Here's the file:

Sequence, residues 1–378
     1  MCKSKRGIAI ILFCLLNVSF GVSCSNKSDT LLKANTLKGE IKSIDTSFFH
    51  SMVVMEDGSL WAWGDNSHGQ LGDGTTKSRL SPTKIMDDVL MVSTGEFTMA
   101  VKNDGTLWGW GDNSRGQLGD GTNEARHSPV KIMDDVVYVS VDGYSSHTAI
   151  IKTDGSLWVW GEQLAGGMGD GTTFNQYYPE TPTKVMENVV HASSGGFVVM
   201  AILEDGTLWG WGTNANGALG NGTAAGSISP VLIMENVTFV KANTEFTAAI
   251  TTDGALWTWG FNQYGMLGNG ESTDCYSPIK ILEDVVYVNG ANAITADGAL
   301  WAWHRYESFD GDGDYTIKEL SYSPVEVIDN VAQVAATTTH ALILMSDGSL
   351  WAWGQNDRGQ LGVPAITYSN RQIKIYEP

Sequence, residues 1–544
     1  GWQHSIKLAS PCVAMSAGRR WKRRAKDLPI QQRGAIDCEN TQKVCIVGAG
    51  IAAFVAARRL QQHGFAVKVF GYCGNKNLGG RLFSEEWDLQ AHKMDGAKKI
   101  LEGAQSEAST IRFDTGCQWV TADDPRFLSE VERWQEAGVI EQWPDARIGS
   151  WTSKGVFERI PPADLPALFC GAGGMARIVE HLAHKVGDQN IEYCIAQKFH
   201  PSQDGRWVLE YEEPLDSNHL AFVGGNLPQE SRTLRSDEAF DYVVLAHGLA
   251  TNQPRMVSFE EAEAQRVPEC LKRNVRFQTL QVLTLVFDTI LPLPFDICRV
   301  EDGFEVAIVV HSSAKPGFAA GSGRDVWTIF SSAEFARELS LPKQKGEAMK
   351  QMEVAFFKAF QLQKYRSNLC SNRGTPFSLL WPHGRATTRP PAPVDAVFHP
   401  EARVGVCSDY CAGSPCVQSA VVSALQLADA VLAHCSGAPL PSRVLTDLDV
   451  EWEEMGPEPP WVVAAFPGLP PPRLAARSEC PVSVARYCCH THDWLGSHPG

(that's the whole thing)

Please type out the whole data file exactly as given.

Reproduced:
Sequence, residues 1–378
     1  MCKSKRGIAI ILFCLLNVSF GVSCSNKSDT LLKANTLKGE IKSIDTSFFH
    51  SMVVMEDGSL WAWGDNSHGQ LGDGTTKSRL SPTKIMDDVL MVSTGEFTMA
   101  VKNDGTLWGW GDNSRGQLGD GTNEARHSPV KIMDDVVYVS VDGYSSHTAI
   151  IKTDGSLWVW GEQLAGGMGD GTTFNQYYPE TPTKVMENVV HASSGGFVVM
   201  AILEDGTLWG WGTNANGALG NGTAAGSISP VLIMENVTFV KANTEFTAAI
   251  TTDGALWTWG FNQYGMLGNG ESTDCYSPIK ILEDVVYVNG ANAITADGAL
   301  WAWHRYESFD GDGDYTIKEL SYSPVEVIDN VAQVAATTTH ALILMSDGSL
   351  WAWGQNDRGQ LGVPAITYSN RQIKIYEP

Sequence, residues 1–544
     1  GWQHSIKLAS PCVAMSAGRR WKRRAKDLPI QQRGAIDCEN TQKVCIVGAG
    51  IAAFVAARRL QQHGFAVKVF GYCGNKNLGG RLFSEEWDLQ AHKMDGAKKI
   101  LEGAQSEAST IRFDTGCQWV TADDPRFLSE VERWQEAGVI EQWPDARIGS
   151  WTSKGVFERI PPADLPALFC GAGGMARIVE HLAHKVGDQN IEYCIAQKFH
   201  PSQDGRWVLE YEEPLDSNHL AFVGGNLPQE SRTLRSDEAF DYVVLAHGLA
   251  TNQPRMVSFE EAEAQRVPEC LKRNVRFQTL QVLTLVFDTI LPLPFDICRV
   301  EDGFEVAIVV HSSAKPGFAA GSGRDVWTIF SSAEFARELS LPKQKGEAMK
   351  QMEVAFFKAF QLQKYRSNLC SNRGTPFSLL WPHGRATTRP PAPVDAVFHP
   401  EARVGVCSDY CAGSPCVQSA VVSALQLADA VLAHCSGAPL PSRVLTDLDV
   451  EWEEMGPEPP WVVAAFPGLP PPRLAARSEC PVSVARYCCH THDWLGSHPG